All Points Bulletin Preview (Part 1)

Realtime Worlds held an event last week in Boulder, Colorado, showing off All Points Bulletin to a group of core MMO focused websites. They flew us out there, put us up in the Hotel Boulderado, a beautiful hotel located in downtown Boulder, and then sat us in front of a very sweet Alienware PC to play All Points Bulletin as much as we liked. We probably spent about five hours total in the game, looking at it from both a brand new player’s perspective, as well as a seasoned veteran with a stacked character. We learned a tremendous amount about the title, the main thing being it’s a heck of a lot of fun.

The first element of the game we took a look at was character customization. All Points Bulletin takes a page from the current MMO generation by giving us unlimited options to customize a character, while also being able to skip too much detail if that’s not up our alley. The level of customization goes from choosing generic faces all the way to changing every element of the face, with such options as brow shape, ear orientation and chin width. The detail goes on and on. The basic elements of customization include body, eyes, face, gender, hair, makeup, scars, and skin. There’s also the option to add a tattoo, which can be created from scratch using various shapes and decals. Basically, if there’s a look you want, in this game, you can get it.  In addition to appearance, character creation is where the player picks their side, Enforcer or Criminal.

Enforcers are the authorized vigilantes of the world.  They aren’t quite police officers, but they can kill and arrest criminals.  They are charged with keeping the world safe from the Criminals, although there does seem to be a fine line between Enforcer and Criminal.  Criminals are… well… criminals.  They are the despicable beings of the world.  They commit a wide variety of crimes and make it a mission to take out Enforcers as much as they can, and innocents being in the crossfire really doesn’t matter to them.

After watching a brief video that showed off some of the basic elements of the game, we then played through the tutorial zone. One of the cool things about the tutorial zone is that you don’t have to leave it when you are done playing the tutorial. You can stay as long as you want until you are comfortable with everything.  The tutorial does a very good job introducing players to movement and combat.  There are two ways to get around the game.  First you can walk or, holding down the shift key, sprint (and there’s no bar running down, so you can always sprint around).  The other way to travel is to drive.  Every player starts the game with a basic vehicle that they can pick up by visiting a parking garage.  Players on either side of the coin can also take cars from NPCs driving around.  Enforcers commandeer vehicles, whereas criminals just forcefully take them, usually with a dash of violence thrown in. 

In the tutorial, we learn all about contacts and missions.  Contacts are the individuals who assign missions and we gain status with them as we successfully complete missions.  Each contact has a maximum rating of 6 and part of the goal of the game is to max out rating with every contact available to us.  Each mission has multiple steps that range from retrieving something to tracking down other players and killing them.  All missions outside of the tutorial are designed to introduce a Player versus Player (PvP) element at some point.  The basic missions are designed around 4 v 4 PvP, although it’s possible through their matchmaking system to get 20 v 20 in a single mission.  Once out of the tutorial zone, there are two PvP districts currently available, Financial and Waterfront.  There’s also a social district we’ll talk more about later this week.  The two PvP districts each have 20 contacts for Criminals and 20 for Enforcers, so there are 40 total contacts to max rating out with and gain missions from for each side.  At first, missions can come from any contact, but players can pledge to a specific contact to only get missions from them.  Once rating is maxed with that contact, players can then unpledge from them and pledge to another contact.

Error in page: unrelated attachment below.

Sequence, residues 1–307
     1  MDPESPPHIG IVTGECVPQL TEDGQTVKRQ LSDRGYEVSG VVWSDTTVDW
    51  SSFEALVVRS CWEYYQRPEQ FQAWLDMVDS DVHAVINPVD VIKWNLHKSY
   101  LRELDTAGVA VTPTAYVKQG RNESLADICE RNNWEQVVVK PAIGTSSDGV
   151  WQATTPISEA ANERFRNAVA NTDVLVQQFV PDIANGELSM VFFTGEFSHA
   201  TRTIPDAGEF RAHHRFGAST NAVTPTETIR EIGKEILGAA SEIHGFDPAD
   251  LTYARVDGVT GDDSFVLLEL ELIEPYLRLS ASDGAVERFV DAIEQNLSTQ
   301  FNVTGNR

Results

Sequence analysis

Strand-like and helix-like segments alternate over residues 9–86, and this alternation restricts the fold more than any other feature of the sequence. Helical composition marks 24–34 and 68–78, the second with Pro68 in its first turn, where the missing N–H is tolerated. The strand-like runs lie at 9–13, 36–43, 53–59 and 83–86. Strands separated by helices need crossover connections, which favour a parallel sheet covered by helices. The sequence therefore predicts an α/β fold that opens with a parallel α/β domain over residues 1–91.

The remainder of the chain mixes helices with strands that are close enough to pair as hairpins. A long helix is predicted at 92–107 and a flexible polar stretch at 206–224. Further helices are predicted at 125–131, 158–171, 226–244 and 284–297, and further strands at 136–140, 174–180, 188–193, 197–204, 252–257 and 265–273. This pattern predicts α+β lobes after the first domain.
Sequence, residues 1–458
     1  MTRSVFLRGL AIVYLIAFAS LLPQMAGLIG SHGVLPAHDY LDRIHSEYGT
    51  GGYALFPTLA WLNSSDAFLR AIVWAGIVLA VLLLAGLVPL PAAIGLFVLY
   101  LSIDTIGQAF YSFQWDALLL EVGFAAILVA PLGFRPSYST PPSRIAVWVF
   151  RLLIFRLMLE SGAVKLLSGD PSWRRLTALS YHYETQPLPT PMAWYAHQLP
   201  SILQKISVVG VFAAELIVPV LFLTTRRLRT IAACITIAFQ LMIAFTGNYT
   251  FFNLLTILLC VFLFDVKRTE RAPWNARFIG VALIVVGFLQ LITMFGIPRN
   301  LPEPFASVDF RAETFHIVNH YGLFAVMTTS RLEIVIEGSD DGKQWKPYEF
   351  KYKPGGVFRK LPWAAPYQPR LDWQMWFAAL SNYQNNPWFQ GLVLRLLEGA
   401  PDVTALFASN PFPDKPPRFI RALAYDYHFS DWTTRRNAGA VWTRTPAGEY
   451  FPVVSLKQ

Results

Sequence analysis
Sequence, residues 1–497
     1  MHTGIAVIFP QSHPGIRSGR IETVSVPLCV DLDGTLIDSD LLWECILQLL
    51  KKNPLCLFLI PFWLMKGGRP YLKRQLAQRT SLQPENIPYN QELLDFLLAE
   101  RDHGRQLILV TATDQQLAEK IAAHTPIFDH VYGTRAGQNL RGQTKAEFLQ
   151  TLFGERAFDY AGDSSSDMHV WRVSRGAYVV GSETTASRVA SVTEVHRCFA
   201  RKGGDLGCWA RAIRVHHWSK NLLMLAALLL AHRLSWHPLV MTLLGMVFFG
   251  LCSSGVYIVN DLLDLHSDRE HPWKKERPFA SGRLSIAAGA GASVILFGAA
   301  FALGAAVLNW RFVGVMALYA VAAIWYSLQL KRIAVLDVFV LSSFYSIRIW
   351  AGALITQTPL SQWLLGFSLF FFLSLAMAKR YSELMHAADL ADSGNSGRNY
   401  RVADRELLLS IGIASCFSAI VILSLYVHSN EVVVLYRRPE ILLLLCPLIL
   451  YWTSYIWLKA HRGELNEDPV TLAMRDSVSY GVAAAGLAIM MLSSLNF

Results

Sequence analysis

In groups, the group leader is the one who accepts missions, so a player might be gaining status with a contact they aren’t pledged to because of this.  There are two ways to form a group.  You can form your own group or you can get automatically put into a group.  A group’s maximum is four players, although a mission has a function called ‘Call for Help’ which allows more than four to join a specific mission. The reason for this would be if four low level folks are pitted against one or two people much higher in rating than they are, more people can be added to the single mission to even out the sides.  This is based on a threat level rating, which uses only two components to calculate – mission wins and kill to death ratio.  The system takes the last 20 missions to determine the threat level on a scale of 1-15.  Most seasoned players will end up around 8-10.  Using this threat level, players are matched against each other in missions.  Enforcers always get to accept a mission, but Criminals can periodically be thrown into a mission (based on a Notoriety system).

This is just the tip of the iceberg as far as information on the game.  There’s so much more to it and we’ll go into further detail in separate articles later this week.  Reading our series of previews on All Points Bulletin will completely prepare you for when the game hits open beta, coming very soon.  All Points Bulletin is scheduled to ship on June 29, 2010, so we won’t have long to wait to get the full experience.  In the meantime, enjoy the two exclusive screenshots we reveal today within this article.